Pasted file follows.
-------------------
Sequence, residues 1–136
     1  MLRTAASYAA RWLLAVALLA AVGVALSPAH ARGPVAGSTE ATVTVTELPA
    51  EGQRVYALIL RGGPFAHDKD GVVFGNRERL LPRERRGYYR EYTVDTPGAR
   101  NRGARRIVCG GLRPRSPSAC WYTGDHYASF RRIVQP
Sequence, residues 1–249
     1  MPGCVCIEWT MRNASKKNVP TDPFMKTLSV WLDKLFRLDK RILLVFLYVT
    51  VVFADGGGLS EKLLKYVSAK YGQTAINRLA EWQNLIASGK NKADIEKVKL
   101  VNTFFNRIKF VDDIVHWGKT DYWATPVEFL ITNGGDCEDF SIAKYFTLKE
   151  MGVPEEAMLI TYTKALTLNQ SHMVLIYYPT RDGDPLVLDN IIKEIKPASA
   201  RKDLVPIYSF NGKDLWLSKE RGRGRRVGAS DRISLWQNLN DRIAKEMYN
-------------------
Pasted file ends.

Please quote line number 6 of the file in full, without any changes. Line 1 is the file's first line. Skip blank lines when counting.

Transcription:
     1  MPGCVCIEWT MRNASKKNVP TDPFMKTLSV WLDKLFRLDK RILLVFLYVT